So a child whose temperature is 101 degrees needs 20% more fluids. He or she will also need more sodium, potassium, and bicarbonate. These are lost in diarrheal stool and must be replaced to avoid problems of salt imbalances and dehydration.

Infants with Gastroenteritis

Breastfed babies should continue their usual feedings, and you might increase them if the baby is having frequent diarrhea. If you have similar symptoms, you can continue to feed, as long as you remain adequately hydrated yourself. You may transfer the infection to the baby, but you may have done so even before you developed the actual symptoms. And the most important thing you can do is to keep the baby hydrated.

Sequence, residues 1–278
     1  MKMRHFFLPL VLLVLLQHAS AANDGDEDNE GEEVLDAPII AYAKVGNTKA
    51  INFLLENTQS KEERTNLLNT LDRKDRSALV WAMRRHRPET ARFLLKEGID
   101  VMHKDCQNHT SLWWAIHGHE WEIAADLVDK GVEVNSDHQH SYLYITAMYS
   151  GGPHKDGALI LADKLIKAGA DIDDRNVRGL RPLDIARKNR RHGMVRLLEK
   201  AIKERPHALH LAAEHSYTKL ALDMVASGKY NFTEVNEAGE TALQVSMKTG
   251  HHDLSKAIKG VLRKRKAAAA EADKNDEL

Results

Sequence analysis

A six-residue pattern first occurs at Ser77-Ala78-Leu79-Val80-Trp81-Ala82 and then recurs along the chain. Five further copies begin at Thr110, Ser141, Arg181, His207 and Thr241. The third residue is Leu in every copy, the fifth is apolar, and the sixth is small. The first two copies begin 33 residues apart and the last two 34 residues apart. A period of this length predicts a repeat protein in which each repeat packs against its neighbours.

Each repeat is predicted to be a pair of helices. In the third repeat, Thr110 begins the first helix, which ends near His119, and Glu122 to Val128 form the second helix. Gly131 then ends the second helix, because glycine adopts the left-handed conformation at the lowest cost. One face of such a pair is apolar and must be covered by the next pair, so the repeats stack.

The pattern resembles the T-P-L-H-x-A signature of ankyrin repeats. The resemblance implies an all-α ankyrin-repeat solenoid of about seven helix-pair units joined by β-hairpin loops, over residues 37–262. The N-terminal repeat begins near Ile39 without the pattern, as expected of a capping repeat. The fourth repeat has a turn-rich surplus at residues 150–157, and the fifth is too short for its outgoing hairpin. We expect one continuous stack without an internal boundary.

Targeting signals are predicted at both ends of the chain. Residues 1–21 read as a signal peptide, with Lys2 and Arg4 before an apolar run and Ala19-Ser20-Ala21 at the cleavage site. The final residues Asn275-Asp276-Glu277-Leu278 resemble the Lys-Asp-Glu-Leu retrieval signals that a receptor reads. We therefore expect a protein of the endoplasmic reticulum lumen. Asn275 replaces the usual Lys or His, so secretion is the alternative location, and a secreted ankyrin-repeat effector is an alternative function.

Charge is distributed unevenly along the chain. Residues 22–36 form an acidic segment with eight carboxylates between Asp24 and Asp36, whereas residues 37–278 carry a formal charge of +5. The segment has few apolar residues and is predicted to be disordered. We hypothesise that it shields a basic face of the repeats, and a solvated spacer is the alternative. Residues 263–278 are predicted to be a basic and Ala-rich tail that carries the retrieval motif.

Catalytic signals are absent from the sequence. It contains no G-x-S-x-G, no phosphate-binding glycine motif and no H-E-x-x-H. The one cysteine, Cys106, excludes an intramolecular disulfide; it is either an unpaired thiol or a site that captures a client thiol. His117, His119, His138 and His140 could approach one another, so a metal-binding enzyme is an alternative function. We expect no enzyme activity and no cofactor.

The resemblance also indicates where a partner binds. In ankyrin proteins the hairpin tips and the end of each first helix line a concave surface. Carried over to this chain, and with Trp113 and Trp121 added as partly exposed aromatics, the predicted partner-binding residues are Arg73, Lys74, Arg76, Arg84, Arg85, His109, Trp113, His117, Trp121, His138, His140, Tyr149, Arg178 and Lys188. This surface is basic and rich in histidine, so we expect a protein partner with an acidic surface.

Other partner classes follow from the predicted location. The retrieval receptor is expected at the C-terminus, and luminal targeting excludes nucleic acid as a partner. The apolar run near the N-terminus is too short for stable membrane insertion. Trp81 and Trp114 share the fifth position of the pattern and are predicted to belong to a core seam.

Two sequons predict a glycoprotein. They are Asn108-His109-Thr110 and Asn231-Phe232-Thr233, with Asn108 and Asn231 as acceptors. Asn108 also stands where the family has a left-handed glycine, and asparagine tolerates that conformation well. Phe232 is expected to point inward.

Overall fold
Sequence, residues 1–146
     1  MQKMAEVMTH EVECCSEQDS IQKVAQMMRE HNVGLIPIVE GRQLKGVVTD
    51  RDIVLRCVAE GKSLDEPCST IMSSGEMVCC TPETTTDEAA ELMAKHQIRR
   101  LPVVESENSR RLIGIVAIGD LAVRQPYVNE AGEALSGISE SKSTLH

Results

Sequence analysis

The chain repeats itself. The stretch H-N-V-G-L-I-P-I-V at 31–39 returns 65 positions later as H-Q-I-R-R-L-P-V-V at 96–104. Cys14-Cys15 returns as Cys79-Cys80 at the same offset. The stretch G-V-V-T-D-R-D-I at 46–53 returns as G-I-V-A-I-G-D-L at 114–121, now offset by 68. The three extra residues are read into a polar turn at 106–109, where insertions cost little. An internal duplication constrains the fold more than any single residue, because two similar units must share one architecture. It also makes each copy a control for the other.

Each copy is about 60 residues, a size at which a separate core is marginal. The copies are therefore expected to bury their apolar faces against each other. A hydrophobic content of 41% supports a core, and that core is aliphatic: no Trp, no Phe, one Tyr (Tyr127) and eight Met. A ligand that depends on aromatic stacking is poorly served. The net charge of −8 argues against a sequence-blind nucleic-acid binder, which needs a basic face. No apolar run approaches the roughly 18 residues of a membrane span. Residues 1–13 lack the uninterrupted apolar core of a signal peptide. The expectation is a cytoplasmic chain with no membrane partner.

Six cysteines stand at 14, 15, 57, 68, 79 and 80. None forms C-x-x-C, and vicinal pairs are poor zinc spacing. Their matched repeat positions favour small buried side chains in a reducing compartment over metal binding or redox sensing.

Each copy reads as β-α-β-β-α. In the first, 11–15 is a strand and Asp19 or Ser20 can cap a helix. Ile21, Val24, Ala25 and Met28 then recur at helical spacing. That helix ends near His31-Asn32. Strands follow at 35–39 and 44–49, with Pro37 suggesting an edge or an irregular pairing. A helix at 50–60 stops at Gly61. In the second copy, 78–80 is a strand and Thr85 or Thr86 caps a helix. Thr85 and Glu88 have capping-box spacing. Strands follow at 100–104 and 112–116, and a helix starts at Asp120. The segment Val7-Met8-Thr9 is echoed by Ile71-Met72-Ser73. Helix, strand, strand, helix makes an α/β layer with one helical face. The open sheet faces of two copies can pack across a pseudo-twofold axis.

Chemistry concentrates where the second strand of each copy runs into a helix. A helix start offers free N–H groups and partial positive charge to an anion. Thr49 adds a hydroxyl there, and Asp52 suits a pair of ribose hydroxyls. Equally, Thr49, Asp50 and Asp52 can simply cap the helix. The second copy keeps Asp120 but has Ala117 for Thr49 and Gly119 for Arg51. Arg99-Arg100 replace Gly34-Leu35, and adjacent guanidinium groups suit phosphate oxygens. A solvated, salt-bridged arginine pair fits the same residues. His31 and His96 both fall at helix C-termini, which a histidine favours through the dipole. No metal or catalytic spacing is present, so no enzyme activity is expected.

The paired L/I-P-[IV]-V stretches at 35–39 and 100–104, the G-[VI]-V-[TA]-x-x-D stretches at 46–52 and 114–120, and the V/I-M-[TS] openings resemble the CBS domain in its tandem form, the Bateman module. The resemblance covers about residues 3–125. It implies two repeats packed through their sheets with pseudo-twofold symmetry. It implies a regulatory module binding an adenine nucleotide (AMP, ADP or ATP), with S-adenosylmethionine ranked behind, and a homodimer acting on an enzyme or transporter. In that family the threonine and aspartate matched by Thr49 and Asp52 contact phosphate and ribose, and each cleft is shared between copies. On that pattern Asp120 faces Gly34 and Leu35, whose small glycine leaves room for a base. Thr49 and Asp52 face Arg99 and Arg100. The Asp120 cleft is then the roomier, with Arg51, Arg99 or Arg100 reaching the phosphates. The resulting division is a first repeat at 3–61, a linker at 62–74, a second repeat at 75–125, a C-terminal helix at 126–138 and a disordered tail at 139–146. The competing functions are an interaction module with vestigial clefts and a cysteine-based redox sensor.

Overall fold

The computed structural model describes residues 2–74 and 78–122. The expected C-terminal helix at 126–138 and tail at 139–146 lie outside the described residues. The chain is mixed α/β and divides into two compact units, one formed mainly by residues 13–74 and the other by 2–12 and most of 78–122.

For formula-fed infants, already mixed solutions, Pedialyte and Lytren, (by Abbott and Mead Johnson, respectively), are available with Pedialyte also available as freezer pops. These assure that babies receive the right proportions of fluid and salts the baby needs. Sugar isn't added for taste, but to help the salt get fully absorbed. A maximum of 1 quart should be given per day.

Some babies want to drink more. If your baby has already begun infant solids and remains hungry, you can offer cereal and fruits (particularly bananas for potassium). If your baby is vomiting, these fluids should be given frequently but in very small quantities. Often, that will mean feeding the infant as little as a tablespoon every 15 minutes and advancing the amount as you're able. If the baby is unable to keep even that small bit down, you need to cll your doctor.